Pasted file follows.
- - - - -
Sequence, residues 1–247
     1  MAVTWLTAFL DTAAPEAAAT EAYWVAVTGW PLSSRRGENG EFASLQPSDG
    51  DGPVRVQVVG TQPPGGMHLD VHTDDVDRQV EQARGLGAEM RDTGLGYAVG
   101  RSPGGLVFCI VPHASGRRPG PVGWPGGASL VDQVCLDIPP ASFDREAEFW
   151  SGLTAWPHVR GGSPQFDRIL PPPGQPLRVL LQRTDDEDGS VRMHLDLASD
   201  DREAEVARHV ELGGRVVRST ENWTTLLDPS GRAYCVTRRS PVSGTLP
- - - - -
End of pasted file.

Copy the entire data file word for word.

Sequence, residues 1–247
     1  MAVTWLTAFL DTAAPEAAAT EAYWVAVTGW PLSSRRGENG EFASLQPSDG
    51  DGPVRVQVVG TQPPGGMHLD VHTDDVDRQV EQARGLGAEM RDTGLGYAVG
   101  RSPGGLVFCI VPHASGRRPG PVGWPGGASL VDQVCLDIPP ASFDREAEFW
   151  SGLTAWPHVR GGSPQFDRIL PPPGQPLRVL LQRTDDEDGS VRMHLDLASD
   201  DREAEVARHV ELGGRVVRST ENWTTLLDPS GRAYCVTRRS PVSGTLP